Chinese Medicinal Cuisine


Updated: 2013-02-05

Seasonal Recipes It is interesting that the Chinese believe that eating seasonal food is generally the best. For example, in the summer, yin foods like melons and cucumber are available; and in the winter, high yang foods like garlic and onions are available for consumption as well as easily stored red pepper and other high yang herbs.

It is as if nature produces the right healing foods for each season for people. For example, during cold and flu season in the late fall and winter, people would refrain from eating melons when they have a cold. And if one gets sunstroke from hot Chinese summer days, one would avoid garlic and onions.

So according to the tradition, here are recipes of commonly available ingredients that you can prepare yourself to maintain your health. The following recipes use common ingredients that you can make for each season for the year.

Winter: Chicken and Ginger Soup Recipe Just like Westerners, Chinese people like to drink lots of hot soup on cold winter days. Their idea is to make soups with high yang vegetables and herbs, and include meat to balance the dish. A favorite winter soup, just like in the West, is chicken soup.

Take chicken portions and boil them together with two chopped potatoes, or half a bailoubo (the long white Chinese turnip), and 1 tablespoon of ginger. When the potato and chicken pieces are somewhat cooked, add diced vegetables and spices.

The diced vegetables should include three diced cloves of garlic and 1 chopped onion, since these are essential for adding yang. You can also include a cup of carrots, a cup of mushrooms, a cup of zucchini or bok choy, or other similar vegetables.

To the mix, add 1 teaspoon of sea salt, and add additional herbs, such as several thin-sliced pieces of huangqi (黄芪 huángqí, astragalus root), or pinches of turmeric, if you wish. If you like red pepper, add that for a zang!

Spring: Asparagus and Vinegar Recipe

In the spring, things come alive and start growing. It is important for living things to have more than usual yang for growth.

It is thought that the liver and gallbladder are especially important at this time. It is important to eat the green seasonal vegetables that sprout out at these times since they supply the necessary yang and help to nourish the liver.

“Green is the color of the liver and of spring” is a saying. So eat the fresh leafy greens and sprouts that are available. And drink fresh sour juices, since these stimulate the qi.

It is also thought to be a time when the body does a “spring cleaning” on itself by getting rid of stored fats and meat, so eating less meat and fat is considered to be better for health. Here is a light and easy-to-make vegetarian dish and drink that is a good example of a springtime meal.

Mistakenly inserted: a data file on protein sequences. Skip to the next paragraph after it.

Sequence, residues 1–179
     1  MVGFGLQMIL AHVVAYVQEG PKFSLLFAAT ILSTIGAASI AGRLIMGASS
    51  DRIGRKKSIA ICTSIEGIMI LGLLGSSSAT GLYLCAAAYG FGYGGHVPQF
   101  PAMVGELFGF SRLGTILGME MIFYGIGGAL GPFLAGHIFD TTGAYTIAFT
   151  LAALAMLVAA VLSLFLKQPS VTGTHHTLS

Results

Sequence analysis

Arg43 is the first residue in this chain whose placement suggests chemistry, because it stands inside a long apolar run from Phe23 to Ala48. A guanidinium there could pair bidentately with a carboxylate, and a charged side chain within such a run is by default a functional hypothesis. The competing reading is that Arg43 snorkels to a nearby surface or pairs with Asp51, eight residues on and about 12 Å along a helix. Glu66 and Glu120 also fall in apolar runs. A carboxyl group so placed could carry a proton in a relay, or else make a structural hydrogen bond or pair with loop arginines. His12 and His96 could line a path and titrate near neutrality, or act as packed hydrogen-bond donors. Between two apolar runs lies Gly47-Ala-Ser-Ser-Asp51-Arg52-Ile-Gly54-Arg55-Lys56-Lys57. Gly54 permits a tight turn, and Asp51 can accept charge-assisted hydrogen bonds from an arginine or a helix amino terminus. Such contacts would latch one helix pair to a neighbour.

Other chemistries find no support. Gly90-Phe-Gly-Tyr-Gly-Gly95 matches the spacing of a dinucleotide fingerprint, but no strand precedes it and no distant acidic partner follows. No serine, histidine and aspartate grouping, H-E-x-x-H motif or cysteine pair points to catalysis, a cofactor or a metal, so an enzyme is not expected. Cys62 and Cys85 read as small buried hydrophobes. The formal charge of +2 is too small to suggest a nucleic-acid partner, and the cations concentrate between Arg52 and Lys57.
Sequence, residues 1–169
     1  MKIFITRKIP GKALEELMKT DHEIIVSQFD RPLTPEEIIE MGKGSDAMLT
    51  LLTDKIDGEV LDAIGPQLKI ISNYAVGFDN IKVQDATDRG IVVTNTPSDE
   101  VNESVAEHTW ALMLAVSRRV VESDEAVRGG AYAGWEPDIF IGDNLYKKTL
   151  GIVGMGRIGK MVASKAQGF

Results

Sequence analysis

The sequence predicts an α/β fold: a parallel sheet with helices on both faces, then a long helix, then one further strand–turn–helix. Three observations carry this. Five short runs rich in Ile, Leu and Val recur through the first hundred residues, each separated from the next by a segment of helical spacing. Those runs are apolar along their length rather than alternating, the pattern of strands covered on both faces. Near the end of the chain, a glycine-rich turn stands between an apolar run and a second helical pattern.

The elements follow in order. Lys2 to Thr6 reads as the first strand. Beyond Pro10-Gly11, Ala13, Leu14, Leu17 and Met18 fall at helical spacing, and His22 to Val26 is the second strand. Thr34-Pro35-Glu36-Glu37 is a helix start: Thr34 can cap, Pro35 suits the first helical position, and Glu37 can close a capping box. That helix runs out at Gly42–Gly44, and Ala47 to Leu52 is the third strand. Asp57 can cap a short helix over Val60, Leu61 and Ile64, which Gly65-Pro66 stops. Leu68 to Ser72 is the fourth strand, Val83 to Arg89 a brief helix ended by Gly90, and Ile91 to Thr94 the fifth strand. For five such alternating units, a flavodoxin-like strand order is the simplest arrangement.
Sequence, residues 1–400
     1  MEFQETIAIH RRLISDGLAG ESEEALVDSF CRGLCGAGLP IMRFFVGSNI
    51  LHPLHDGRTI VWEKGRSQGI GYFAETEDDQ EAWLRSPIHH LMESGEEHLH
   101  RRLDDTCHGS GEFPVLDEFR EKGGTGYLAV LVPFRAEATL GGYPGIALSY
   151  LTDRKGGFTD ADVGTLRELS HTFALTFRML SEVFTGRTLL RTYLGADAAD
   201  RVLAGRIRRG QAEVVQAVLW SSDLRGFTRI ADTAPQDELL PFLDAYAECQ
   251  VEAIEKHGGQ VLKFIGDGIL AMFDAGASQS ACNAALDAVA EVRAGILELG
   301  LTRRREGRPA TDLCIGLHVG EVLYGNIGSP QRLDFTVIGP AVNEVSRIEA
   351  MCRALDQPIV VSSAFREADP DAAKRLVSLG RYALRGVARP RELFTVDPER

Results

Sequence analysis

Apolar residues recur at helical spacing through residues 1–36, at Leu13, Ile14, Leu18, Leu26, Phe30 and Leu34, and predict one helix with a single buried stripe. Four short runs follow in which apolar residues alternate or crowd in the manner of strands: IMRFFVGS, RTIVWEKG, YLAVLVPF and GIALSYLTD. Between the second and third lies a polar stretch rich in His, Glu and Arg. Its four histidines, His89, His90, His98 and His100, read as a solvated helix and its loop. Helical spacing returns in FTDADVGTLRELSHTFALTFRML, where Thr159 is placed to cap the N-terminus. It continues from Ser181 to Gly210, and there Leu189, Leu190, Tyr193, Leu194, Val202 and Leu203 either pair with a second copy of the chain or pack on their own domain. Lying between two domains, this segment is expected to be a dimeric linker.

Wash a bunch of asparagus and a carrot in clean water without detergent. Then chop up the vegetables and lightly steam them until the asparagus is slightly tender and bright green. Note that the vegetables cook quickly so don’t steam them long.

Prepare a dressing by simply adding about two parts of virgin olive oil to one part of plum vinegar or apple cider vinegar. Plum vinegar is preferred, because it is a springtime fruit. Then pour the dressing on the vegetables and enjoy the dish with some lemonade.

To make the lemonade, simply squeeze a fresh lemon and add the juice to clean water.

Summer: Tomato and Cucumber Salad Recipe

Here is a favorite dish for summer when the yang is naturally high, and you need to cool down a bit. Tomato and cucumber are high yin vegetables that are readily available.

Try to find fresh and ripe ingredients. Dice some red onion, or if that is unavailable, dice a regular onion, and chop up tomatoes and cucumbers. Mix up the ingredients with virgin olive oil, and add some dill, salt, and pepper to taste. It is simple to make and great for hot summer days.

Autumn: Butternut Squash Soup Recipe

In the autumn, life naturally ebbs away, and it is thought that the qi returns to the earth. In the human body, the qi goes inwards into the body’s core.

Eating the vegetables and fruits that are available at these times helps your body to transition and stay healthy. Here is a recipe for butternut squash soup, but pumpkin or other kinds of squash can be substituted.

Take a large butternut squash or an equivalently-sized pumpkin or other squash, a medium onion, two cloves of garlic, a stalk of celery, a large carrot, some boiled chicken meat, and salt, pepper, cinnamon, and nutmeg to taste.

Chop up and dice everything, and first boil the squash in water in a large pot. Then when the squash is almost cooked, add the rest of the vegetables and the already cooked chicken chunks, and simmer the soup for a few minutes. Then when the soup is done and cooled a little, add in the spice and mix it well.

You’ll have a pot of delicious chunky chicken and vegetable soup. But if you have a blender available, you can blend the soup in a blender if you want to until the soup is smooth. Then reheat the soup if you want.

Not Only What You Eat, But How You Eat: Mealtime Principles According to Traditional Chinese Medicine

The ancient texts described not only what to prepare for meals, but also how to eat meals. If you eat meals with mainland Chinese people, you might be surprised at their attitude and customs about eating meals that have been part of the culture for hundreds of years.

Here are principals for eating well according to Chinese traditional medicine:

Try to avoid overly processed food. Eat naturally. Eat seasonal vegetables and fruits. Always make sure the vegetables are cooked. Sit down to eat at a quiet place. Chew the food well. Eat slowly. Pay attention to your eating, and get away from distractions*. Do not skip meals. After lunch, take a nap or rest for a while.


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